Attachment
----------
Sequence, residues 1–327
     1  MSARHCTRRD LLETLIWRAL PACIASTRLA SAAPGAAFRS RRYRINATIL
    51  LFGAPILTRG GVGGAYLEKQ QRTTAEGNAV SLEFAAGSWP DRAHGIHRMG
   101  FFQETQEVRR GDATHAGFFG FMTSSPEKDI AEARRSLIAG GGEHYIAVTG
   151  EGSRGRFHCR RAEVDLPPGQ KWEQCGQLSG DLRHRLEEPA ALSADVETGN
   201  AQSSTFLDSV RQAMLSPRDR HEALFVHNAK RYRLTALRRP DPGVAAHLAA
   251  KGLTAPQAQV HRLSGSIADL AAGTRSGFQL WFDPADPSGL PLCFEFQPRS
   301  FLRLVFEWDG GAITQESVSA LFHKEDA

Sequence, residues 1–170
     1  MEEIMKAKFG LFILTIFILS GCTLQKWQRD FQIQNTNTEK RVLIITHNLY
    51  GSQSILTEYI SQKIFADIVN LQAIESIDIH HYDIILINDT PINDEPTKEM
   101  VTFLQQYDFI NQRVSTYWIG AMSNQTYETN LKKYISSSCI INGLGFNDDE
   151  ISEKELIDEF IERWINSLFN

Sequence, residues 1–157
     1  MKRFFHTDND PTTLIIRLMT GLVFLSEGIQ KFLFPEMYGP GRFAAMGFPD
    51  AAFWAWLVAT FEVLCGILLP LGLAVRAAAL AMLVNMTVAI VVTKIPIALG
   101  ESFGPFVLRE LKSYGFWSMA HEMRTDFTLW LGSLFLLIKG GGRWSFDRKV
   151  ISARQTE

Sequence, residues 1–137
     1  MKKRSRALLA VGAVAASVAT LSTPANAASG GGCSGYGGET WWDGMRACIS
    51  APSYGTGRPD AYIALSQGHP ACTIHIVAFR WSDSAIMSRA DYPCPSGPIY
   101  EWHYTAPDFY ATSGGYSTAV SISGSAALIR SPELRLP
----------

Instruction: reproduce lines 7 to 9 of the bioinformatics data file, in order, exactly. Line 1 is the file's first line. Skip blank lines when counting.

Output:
   251  KGLTAPQAQV HRLSGSIADL AAGTRSGFQL WFDPADPSGL PLCFEFQPRS
   301  FLRLVFEWDG GAITQESVSA LFHKEDA

Sequence, residues 1–170